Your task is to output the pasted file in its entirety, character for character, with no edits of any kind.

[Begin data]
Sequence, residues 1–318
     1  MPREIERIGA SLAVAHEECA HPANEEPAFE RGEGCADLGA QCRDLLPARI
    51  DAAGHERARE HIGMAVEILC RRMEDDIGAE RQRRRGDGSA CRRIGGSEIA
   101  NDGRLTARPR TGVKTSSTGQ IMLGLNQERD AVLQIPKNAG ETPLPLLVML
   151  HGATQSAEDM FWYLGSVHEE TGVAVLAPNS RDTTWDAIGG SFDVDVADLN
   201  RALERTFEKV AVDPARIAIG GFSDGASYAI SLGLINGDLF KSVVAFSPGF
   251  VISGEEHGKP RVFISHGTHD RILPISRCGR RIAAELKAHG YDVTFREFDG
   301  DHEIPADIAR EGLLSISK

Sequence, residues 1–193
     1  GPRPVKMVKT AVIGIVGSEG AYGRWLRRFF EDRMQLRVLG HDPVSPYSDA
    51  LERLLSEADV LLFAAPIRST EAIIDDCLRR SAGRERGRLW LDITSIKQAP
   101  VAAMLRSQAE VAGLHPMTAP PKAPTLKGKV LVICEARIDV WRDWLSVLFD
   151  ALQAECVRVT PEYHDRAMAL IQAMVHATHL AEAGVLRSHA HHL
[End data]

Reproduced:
Sequence, residues 1–318
     1  MPREIERIGA SLAVAHEECA HPANEEPAFE RGEGCADLGA QCRDLLPARI
    51  DAAGHERARE HIGMAVEILC RRMEDDIGAE RQRRRGDGSA CRRIGGSEIA
   101  NDGRLTARPR TGVKTSSTGQ IMLGLNQERD AVLQIPKNAG ETPLPLLVML
   151  HGATQSAEDM FWYLGSVHEE TGVAVLAPNS RDTTWDAIGG SFDVDVADLN
   201  RALERTFEKV AVDPARIAIG GFSDGASYAI SLGLINGDLF KSVVAFSPGF
   251  VISGEEHGKP RVFISHGTHD RILPISRCGR RIAAELKAHG YDVTFREFDG
   301  DHEIPADIAR EGLLSISK

Sequence, residues 1–193
     1  GPRPVKMVKT AVIGIVGSEG AYGRWLRRFF EDRMQLRVLG HDPVSPYSDA
    51  LERLLSEADV LLFAAPIRST EAIIDDCLRR SAGRERGRLW LDITSIKQAP
   101  VAAMLRSQAE VAGLHPMTAP PKAPTLKGKV LVICEARIDV WRDWLSVLFD
   151  ALQAECVRVT PEYHDRAMAL IQAMVHATHL AEAGVLRSHA HHL